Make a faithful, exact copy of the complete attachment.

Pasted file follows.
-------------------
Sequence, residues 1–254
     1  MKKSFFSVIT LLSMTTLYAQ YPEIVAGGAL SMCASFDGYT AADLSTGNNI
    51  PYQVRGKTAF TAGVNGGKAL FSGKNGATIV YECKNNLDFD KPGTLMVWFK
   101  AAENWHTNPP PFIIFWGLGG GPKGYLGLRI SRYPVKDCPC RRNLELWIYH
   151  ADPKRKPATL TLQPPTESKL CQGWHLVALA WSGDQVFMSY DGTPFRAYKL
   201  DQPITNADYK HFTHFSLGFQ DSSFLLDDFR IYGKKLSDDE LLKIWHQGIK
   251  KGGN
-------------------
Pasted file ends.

Sequence, residues 1–254
     1  MKKSFFSVIT LLSMTTLYAQ YPEIVAGGAL SMCASFDGYT AADLSTGNNI
    51  PYQVRGKTAF TAGVNGGKAL FSGKNGATIV YECKNNLDFD KPGTLMVWFK
   101  AAENWHTNPP PFIIFWGLGG GPKGYLGLRI SRYPVKDCPC RRNLELWIYH
   151  ADPKRKPATL TLQPPTESKL CQGWHLVALA WSGDQVFMSY DGTPFRAYKL
   201  DQPITNADYK HFTHFSLGFQ DSSFLLDDFR IYGKKLSDDE LLKIWHQGIK
   251  KGGN